Lastly there is an element of role play. Keith Baker is known mostly for creating the D&D setting of Eberron and for designing Gloom. While Gloom is entertaining, it shines when players talk about their actions in story form to give it that spark. I think perhaps it’s the same in Scott Pilgrim’s Precious Little Card Game. A little bit of play acting goes a long way in passing the time between turns, as there can be a bit of analysis paralysis since there is so much to consider.


Short answer? Yes, lots and lots and lots of theme here. Are you focused more on work or your music? Does romance cause more drama than it should in your life? Does your friends’ drama cause you problems as you face life’s challenges? Maybe retreating into senseless video game violence is the only answer to your struggles. Who knows but it’s all there just like in the movie and the comic books. I feel like I am in the Scott Pilgrim universe duking it out with all the rivals and exes.


Bryan Lee O’Malley’s art is perfect for Scott Pilgrim. It is strong in that anime style, but he definitely has his own take on it. Although the characters look alike, they all have defining features and voices. It’s fun, whimsical, energetic, and a great amalgamation of east and west comic book styles. He makes each of the cards different, pulling in the comic book scenes, and giving you a chance to relive the stories again.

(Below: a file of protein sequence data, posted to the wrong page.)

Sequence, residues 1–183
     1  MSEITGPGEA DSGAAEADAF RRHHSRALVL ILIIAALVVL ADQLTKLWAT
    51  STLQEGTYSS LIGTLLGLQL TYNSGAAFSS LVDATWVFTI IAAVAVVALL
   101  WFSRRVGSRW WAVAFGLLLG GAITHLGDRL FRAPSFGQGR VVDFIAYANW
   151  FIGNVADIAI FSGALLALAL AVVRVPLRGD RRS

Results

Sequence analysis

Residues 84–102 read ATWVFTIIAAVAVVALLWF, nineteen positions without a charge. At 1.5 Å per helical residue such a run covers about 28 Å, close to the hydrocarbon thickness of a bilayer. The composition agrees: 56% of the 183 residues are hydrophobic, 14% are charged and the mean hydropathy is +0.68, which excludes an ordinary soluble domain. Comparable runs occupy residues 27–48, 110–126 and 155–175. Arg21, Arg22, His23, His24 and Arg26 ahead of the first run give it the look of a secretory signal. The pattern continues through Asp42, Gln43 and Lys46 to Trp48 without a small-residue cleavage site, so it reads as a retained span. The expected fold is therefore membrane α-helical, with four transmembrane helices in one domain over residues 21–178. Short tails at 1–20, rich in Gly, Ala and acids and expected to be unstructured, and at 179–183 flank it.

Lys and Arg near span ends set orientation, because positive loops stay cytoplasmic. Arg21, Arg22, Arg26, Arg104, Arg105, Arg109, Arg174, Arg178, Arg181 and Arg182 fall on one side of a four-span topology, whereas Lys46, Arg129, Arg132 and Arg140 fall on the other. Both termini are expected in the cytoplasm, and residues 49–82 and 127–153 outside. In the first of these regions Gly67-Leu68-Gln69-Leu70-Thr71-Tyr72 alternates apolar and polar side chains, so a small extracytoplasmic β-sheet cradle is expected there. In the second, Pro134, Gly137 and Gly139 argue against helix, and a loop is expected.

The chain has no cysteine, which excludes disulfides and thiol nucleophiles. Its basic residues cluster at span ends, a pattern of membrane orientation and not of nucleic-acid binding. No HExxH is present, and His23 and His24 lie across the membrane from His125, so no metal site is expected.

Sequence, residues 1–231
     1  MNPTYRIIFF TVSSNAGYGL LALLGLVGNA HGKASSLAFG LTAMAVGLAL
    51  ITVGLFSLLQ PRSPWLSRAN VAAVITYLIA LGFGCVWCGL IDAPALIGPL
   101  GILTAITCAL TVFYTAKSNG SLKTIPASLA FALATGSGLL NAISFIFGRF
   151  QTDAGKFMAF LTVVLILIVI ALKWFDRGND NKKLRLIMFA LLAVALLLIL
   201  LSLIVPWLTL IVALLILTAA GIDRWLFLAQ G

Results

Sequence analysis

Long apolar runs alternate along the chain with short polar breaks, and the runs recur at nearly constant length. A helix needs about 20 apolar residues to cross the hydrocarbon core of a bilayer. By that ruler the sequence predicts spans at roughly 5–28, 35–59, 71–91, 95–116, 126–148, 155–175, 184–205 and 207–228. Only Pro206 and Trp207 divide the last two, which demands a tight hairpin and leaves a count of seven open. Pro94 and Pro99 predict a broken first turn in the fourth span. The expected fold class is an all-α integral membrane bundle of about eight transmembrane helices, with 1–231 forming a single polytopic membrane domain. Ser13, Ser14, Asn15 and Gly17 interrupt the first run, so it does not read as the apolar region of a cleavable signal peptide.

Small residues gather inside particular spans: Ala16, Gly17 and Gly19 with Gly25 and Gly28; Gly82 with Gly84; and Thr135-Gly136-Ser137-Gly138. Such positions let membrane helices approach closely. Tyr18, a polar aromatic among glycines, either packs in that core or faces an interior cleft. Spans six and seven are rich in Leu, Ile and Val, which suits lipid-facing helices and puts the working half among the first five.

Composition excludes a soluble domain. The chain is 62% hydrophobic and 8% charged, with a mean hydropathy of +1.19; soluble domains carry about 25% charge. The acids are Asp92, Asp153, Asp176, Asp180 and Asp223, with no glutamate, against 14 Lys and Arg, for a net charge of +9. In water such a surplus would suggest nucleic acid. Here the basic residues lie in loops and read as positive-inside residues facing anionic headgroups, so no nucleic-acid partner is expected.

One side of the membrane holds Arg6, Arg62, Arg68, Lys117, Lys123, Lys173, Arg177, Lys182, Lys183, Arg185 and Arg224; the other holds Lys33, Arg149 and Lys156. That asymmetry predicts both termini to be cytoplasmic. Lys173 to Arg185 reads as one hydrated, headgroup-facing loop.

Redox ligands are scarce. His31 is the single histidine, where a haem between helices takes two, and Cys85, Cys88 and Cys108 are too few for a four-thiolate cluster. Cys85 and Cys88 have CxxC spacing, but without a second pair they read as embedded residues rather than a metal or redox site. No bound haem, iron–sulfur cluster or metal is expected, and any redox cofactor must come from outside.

Overall Value

The MSRP is $45, and I have to wonder how much is access to the IP. The art is great and there are some fun oversized double-sided cards from the main characters and evil exes. I bought a playmat because it has great art on it, but it’s completely unnecessary and may even hamper game play. There is so much going on in the cards that to try to focus on it when using the mat makes it that much more difficult. If you don’t know or enjoy the IP then I don’t know that this is a $45 game in components and rules, so I’d be looking for it in the mid $30s.

Final Thoughts

I should just title this section TL:DR, because here’s the thing. The game is innovative, thematic and entertaining if you like Scott Pilgrim. This is a gamer’s deck builder. What I mean by that is that it’s completely unintuitive and having some decent exposure to modern board gaming will help. It’s a painful teach and first play.

If you don’t know the intellectual property then you are not going to understand why the gameplay and mechanics are structured the way they are. It’s kind of a hot mess much like Scott Pilgrim is, and that endears the game even more to me. It’s odd, quirky, and it appeals to the hipster in me.

I don’t think this game is going to find as much success as most of the other Renegade titles, but I am glad they made Scott Pilgrim’s Precious Little Card Game. Part of what I like is that I get to be a planner and risk manager, and it’s super fun to get a few combos off and beat the crap out of the other guy.

Are you interested in the world of Scott Pilgrim laid out in cardboard form? Have you already played it? Hit me up on Twitter and give me your thoughts.

— Matthew Ward, @uncouthtooth on Twitter